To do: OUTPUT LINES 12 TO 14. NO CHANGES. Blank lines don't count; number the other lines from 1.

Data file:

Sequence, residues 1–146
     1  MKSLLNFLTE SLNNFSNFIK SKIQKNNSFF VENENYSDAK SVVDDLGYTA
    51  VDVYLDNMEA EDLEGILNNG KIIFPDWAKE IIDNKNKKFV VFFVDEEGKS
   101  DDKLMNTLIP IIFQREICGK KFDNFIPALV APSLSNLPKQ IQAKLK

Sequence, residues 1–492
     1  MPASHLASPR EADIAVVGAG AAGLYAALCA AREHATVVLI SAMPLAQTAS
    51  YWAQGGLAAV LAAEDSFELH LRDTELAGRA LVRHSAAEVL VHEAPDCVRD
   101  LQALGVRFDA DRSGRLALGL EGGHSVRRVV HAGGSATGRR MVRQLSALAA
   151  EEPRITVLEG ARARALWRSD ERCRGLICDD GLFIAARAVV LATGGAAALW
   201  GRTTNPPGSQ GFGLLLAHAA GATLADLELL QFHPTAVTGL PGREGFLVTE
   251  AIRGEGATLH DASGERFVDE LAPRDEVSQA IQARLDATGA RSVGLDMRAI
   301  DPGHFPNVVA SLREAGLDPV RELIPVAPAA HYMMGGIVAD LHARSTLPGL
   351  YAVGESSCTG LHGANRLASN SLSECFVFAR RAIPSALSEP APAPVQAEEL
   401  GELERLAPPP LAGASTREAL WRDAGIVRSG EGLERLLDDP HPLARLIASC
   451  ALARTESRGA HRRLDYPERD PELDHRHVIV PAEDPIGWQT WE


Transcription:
   301  DPGHFPNVVA SLREAGLDPV RELIPVAPAA HYMMGGIVAD LHARSTLPGL
   351  YAVGESSCTG LHGANRLASN SLSECFVFAR RAIPSALSEP APAPVQAEEL
   401  GELERLAPPP LAGASTREAL WRDAGIVRSG EGLERLLDDP HPLARLIASC